Menus Subscribe Search

Follow us


gun-target-2

(ILLUSTRATION: AARROWS/SHUTTERSTOCK)

Gun Ownership Neither Increases Nor Decreases the Crime Rate

• April 17, 2013 • 4:05 AM

(ILLUSTRATION: AARROWS/SHUTTERSTOCK)

You are no less likely to be a victim of violent crime in a country with fewer guns.

Editor’s Note: This post is a follow-up to Alex Berezow’s “The Correlation Between Gun Ownership and Homicide Rate.”

Controlling and regulating gun ownership is for the purpose of making society safer by reducing the rates of murder and violent crime. Does this premise hold true? That is, do fewer guns per capita correlate with a safer country?

Recently, Alex Berezow analyzed the correlation between the number of privately-owned guns per capita in a country and the rate of homicide by firearms. This is a sensible first step to answer the question of whether reducing the number of guns in a society makes it safer. However, the greater purpose of gun control is not to reduce firearm homicide specifically, but to reduce the overall rates of murder and violent crime in a country.

While it is easy to concede that committing murder with a firearm is easier than committing murder with a less powerful weapon, reducing the number of guns might cause an increase or decrease in murder and violent crime for other reasons. A few lines of thought pop to mind.

A country which has high gun ownership might also have fewer robberies, assaults, and murders due to people defending themselves with firearms. Gun control might reduce the number of firearm homicides but cause an increase in non-firearm homicides. Countries with gun control might be more developed, safer, and have less violent crime for other reasons, just as countries with high numbers of guns might have more crime due to more guns. Robbery or assault rates might increase without private citizens being able to use a firearm to protect themselves.

A simple correlation analysis cannot tell us which of these ideas, if any, are correct, but it can shed light, to some degree, on whether gun control is associated with less violent crime. Let’s look first to see if there is a correlation between the number of guns per capita and the number of intentional homicides, of all types, per capita in 172 countries:

all homicide vs gun ownership all nations small.png

The answer, clearly, is no. In fact, the statistically insignificant trend is toward slightly (as inferred from the negative slope of the line) fewer homicides as gun ownership increases.

Further, we will follow Alex’s lead investigating this correlation by removing some countries. Let’s remove all countries with very poor development (e.g., some African and South and Central American states), states with extremely high murder rates (nearly all of which have very low gun ownership) and states currently involved in civil wars or major domestic unrest. This leaves 72 more developed countries to analyze. Are homicide rates higher in these countries with more guns?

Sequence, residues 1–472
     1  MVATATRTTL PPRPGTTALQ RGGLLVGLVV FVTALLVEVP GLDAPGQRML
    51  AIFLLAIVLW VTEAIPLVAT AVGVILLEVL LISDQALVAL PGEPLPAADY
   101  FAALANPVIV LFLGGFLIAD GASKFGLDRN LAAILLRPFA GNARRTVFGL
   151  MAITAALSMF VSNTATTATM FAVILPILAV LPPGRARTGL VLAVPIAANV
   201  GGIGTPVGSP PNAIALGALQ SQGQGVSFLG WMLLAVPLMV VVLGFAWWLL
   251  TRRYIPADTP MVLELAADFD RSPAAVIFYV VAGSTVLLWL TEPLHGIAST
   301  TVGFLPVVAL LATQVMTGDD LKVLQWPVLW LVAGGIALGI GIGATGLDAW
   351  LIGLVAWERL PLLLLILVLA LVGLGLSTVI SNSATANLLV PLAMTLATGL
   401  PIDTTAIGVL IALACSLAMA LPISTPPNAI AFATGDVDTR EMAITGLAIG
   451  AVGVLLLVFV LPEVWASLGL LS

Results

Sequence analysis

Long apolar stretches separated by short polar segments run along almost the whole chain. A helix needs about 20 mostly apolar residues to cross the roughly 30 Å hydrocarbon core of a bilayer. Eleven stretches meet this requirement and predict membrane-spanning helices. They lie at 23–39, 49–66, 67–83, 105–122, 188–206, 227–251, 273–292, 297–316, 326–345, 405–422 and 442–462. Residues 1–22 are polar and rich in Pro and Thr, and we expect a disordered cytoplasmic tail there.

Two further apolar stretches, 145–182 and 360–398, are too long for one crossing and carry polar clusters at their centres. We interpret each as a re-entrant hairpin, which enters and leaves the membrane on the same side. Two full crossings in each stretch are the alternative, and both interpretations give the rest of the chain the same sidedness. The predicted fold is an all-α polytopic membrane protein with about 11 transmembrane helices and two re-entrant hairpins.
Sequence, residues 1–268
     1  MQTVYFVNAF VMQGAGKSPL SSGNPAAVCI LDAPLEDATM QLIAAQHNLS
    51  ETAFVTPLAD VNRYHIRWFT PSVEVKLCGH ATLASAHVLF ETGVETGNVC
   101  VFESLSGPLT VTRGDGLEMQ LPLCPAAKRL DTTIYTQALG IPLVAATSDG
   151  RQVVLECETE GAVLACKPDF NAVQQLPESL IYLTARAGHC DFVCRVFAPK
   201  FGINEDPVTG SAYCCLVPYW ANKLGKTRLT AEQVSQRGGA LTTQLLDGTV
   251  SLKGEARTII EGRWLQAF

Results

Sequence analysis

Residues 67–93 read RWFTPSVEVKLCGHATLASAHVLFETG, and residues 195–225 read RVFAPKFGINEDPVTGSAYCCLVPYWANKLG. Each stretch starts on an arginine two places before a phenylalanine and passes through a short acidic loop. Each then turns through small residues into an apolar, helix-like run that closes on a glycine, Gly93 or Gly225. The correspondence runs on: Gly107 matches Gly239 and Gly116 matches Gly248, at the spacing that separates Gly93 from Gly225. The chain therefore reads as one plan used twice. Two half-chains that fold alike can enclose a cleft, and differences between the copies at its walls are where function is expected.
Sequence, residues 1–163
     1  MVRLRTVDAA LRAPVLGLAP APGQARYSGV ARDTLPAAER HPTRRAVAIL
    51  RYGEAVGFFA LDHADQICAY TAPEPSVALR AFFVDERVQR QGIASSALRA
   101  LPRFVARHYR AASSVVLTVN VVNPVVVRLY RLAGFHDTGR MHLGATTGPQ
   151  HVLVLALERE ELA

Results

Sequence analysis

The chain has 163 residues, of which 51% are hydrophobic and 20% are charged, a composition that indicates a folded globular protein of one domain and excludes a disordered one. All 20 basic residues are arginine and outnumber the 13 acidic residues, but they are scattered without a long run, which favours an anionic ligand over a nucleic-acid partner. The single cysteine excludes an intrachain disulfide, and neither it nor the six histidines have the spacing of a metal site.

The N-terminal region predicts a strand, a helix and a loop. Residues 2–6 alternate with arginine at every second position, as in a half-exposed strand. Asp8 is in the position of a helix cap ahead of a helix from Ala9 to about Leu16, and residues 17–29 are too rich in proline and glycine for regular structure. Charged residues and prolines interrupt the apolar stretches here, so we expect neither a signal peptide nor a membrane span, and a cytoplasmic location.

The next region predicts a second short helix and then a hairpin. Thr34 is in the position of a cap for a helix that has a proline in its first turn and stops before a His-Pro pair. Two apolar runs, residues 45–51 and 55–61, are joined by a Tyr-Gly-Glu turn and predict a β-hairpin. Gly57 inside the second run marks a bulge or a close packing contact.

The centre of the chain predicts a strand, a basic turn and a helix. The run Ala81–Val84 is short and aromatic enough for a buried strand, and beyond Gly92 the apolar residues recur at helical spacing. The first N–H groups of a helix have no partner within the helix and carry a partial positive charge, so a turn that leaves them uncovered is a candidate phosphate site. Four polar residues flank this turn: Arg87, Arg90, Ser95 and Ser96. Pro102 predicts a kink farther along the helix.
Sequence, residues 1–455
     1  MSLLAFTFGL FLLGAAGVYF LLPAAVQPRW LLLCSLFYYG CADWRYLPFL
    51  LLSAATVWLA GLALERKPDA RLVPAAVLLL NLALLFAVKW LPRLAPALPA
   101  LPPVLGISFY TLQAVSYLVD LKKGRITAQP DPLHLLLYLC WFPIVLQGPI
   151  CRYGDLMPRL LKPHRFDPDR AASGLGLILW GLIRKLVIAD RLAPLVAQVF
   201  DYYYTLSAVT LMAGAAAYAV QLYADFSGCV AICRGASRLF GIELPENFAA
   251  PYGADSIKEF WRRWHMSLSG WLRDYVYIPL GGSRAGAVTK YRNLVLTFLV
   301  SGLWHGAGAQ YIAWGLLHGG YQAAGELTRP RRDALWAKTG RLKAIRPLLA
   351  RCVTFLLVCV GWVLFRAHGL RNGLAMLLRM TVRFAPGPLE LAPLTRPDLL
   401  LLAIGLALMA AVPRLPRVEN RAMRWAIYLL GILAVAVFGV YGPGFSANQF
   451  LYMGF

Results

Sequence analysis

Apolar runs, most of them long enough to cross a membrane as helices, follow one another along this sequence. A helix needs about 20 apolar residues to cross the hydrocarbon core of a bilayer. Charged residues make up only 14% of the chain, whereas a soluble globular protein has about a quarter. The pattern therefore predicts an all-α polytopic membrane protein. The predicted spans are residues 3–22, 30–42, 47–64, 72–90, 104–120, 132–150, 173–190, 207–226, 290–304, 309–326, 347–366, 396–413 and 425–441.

all homicide vs gun ownership selected nations small.png

The answer is still no. There is no reasonable way to cherry-pick any sample of countries to arrive at a significant correlation, or even a hint that reduced gun ownership lowers overall homicide rate.

Homicide is not the only violent crime that citizens have to fear. Robbery and assault are also important to consider, and it’s possible that firearms in the hands of law-abiding citizens might prevent them. There is reliable data on assault and robbery for about 35 countries, most of which we would consider well-developed and modern. Is there a correlation between robbery and assault and gun ownership rate?

Assault Robbery vs Gun Ownership v3.png

There is no correlation between lower gun ownership and lower rates of assault and robbery, just as there is no correlation between a lower homicide rate and lower gun ownership. This statistical analysis provides no explanations, but it does point out a surprising fact: you are no less likely to be a victim of violent crime in a country with fewer guns.

What conclusions can we draw from this data?

First, there is no correlation between the number of guns per capita and the overall homicide rate. So people who believe fewer guns will reduce the homicide rate may be wrong.

Second, there is no correlation between the number of guns per capita and the rate of assaults and robberies. So people who believe guns make society safer by reducing overall crime may be wrong, too.

Obviously, more research is needed.

Data sources: Gun ownership rate taken from 2007 world data compiled by smallarmssurvey.org. Homicide rate taken from 2008 United Nations data. Assault and robbery data compiled from 2006 U.N. data. This work assumes that gun ownership did not significantly increase or decline over the roughly 12-month period that separates this data set from the other two data sets.


This post originally appeared on RealClearScience, a Pacific Standard partner site.

Tom Hartsfield
Tom Hartsfield is a physics Ph.D. candidate at the University of Texas and a regular contributor to the RealClearScience Newton Blog.

A weekly roundup of the best of Pacific Standard and PSmag.com, delivered straight to your inbox.

Recent Posts

November 21 • 4:00 PM

Why Are America’s Poorest Toddlers Being Over-Prescribed ADHD Drugs?

Against all medical guidelines, children who are two and three years old are getting diagnosed with ADHD and treated with Adderall and other stimulants. It may be shocking, but it’s perfectly legal.